There's still little explanation how the assassin guy (attached to Neo by electrodes at the end of Reloaded) comes into the picture, and in the hammiest of action movie fixtures, the eager, wide-eyed kid everybody finds so irritating saves the day at the critical moment.

Matrix Revolutions even lacks the kind of jaw-dropping, iconic sequences that (whether you loved or hated it) made Reloaded stand out - like the Burly Brawl or Freeway Chase. Even the most ambitious battle scenes from Revolutions are just eye popping CG updates of stuff we watched on the TV version of Buck Rogers 20 years ago.

So when measured up to its predecessors, Revolutions is a big disappointment. Taken on its own merits, it's not by any account a bad movie. It's just the kind of computer-composited popcorn movie that could have been done by any director-for-hire working in Hollywood today, not the elusive brothers who gave us the most intriguing underground hit of recent times.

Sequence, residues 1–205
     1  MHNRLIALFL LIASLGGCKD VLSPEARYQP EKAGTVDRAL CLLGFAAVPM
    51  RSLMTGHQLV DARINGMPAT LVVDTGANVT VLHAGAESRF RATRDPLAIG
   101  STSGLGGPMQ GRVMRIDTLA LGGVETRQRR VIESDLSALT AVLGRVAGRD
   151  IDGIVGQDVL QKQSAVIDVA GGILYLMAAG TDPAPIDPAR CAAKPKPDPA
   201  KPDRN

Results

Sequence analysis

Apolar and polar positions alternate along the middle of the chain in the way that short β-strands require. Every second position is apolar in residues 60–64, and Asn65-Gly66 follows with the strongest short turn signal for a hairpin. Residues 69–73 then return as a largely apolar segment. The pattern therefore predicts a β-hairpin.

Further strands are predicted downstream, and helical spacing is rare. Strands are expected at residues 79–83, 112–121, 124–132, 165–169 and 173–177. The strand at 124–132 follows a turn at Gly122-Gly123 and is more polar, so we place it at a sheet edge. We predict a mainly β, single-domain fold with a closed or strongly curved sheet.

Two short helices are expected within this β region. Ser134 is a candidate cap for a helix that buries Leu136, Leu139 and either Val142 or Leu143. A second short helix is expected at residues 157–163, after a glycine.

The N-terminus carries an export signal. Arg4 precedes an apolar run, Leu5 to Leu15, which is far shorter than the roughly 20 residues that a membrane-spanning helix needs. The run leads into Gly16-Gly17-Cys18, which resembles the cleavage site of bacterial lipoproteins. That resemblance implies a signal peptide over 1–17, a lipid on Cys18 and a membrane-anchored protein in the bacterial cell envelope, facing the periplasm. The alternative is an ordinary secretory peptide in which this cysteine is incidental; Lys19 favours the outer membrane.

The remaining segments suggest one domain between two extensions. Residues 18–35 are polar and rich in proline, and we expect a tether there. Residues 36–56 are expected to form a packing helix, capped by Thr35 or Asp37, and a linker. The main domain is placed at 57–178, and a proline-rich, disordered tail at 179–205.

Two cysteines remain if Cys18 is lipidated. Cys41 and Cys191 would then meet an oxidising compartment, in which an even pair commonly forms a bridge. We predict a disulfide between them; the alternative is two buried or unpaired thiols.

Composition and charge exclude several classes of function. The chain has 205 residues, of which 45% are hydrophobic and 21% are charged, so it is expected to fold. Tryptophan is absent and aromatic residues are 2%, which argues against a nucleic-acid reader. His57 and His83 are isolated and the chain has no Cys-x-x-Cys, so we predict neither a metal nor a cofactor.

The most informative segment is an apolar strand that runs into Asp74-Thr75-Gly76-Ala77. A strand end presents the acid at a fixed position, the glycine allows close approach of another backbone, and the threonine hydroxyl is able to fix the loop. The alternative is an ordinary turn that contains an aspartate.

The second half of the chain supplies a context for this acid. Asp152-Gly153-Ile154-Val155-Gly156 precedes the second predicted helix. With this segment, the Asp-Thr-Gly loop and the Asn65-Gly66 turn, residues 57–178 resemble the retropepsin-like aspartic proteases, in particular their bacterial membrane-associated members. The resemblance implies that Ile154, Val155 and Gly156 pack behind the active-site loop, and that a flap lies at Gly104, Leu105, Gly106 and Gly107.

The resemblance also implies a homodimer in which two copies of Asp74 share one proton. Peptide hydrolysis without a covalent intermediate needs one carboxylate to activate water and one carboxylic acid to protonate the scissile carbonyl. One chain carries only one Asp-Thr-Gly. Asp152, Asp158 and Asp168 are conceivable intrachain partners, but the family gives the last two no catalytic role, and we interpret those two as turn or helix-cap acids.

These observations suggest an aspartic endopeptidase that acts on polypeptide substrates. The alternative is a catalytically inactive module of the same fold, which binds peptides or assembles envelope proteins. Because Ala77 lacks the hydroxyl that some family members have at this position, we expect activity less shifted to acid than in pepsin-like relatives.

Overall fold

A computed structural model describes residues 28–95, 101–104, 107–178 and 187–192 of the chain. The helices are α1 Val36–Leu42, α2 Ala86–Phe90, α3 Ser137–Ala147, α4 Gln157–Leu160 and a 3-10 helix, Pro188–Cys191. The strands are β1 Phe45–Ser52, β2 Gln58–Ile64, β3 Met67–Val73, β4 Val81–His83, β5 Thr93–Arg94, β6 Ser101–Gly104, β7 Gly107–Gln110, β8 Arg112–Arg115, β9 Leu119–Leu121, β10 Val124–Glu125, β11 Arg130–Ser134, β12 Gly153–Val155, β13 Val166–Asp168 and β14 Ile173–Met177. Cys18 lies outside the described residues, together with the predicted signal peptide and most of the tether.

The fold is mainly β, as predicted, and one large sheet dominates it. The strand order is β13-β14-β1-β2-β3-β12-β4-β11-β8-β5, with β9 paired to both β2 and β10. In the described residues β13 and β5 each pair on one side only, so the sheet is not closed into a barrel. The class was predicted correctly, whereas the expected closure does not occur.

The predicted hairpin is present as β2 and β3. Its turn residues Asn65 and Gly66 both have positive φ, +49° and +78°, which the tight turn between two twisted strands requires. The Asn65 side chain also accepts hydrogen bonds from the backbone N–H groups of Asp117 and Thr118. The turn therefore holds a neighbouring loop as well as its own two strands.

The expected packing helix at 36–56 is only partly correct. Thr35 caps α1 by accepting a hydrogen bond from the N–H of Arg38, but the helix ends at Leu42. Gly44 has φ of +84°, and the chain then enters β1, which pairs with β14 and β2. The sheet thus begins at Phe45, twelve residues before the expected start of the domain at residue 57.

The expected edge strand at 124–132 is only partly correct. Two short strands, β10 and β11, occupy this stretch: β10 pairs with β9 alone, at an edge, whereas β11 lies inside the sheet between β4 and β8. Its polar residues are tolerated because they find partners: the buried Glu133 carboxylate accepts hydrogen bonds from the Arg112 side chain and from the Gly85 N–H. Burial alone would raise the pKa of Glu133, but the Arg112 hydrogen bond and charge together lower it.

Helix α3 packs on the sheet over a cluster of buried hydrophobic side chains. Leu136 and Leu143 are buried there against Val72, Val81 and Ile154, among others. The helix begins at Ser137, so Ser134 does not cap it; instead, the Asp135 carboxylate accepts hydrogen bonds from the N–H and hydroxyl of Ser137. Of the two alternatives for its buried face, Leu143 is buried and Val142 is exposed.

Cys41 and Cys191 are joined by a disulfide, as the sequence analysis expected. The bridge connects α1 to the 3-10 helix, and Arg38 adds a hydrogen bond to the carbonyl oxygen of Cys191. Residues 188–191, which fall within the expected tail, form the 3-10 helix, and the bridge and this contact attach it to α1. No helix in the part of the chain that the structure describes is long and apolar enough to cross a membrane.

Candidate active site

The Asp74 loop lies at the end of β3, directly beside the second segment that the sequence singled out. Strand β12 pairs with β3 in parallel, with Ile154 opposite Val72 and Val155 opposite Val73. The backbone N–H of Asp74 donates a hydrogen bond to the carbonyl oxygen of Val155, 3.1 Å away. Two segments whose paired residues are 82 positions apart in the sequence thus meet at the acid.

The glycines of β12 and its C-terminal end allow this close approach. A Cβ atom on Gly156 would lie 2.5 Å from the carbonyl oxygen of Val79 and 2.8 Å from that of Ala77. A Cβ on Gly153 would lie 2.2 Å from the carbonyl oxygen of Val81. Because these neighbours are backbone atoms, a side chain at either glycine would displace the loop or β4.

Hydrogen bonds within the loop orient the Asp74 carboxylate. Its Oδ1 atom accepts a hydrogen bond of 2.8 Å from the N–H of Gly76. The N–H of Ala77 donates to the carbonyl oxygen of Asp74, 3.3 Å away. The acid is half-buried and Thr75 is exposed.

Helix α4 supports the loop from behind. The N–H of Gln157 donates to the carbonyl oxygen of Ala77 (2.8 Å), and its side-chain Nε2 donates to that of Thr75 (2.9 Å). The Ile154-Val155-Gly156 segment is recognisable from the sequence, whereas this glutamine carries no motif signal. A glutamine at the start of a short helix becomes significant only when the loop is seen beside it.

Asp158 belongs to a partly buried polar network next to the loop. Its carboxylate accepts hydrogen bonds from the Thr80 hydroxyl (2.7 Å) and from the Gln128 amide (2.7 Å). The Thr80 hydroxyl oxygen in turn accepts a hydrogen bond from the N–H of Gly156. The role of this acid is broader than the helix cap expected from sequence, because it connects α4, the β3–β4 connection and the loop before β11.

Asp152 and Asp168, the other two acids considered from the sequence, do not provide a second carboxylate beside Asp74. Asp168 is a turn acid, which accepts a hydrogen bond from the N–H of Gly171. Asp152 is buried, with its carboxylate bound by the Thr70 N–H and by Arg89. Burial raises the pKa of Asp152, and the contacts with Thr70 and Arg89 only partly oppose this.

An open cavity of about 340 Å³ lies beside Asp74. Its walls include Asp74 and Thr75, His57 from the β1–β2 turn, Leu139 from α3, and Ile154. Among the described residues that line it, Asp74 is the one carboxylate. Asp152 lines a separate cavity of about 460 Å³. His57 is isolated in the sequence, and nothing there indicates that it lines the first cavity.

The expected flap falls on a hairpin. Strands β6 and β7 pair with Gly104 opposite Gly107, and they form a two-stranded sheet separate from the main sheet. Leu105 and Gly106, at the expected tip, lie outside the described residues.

In fact, it almost explains the Wachowski brothers' famous 'no publicity' contracts; in case they one day had to answer the critics and audiences who'll be baying for their blood around the world in the coming weeks.

And Joel Silver will look sillier than ever gushing about how 'it doesn't raise the bar because now there is no bar.' Move your feet, Joel - the bar's coming down fast, and there's a heavyset, bearded kiwi surrounded by elves and orcs coming to pick it up after you.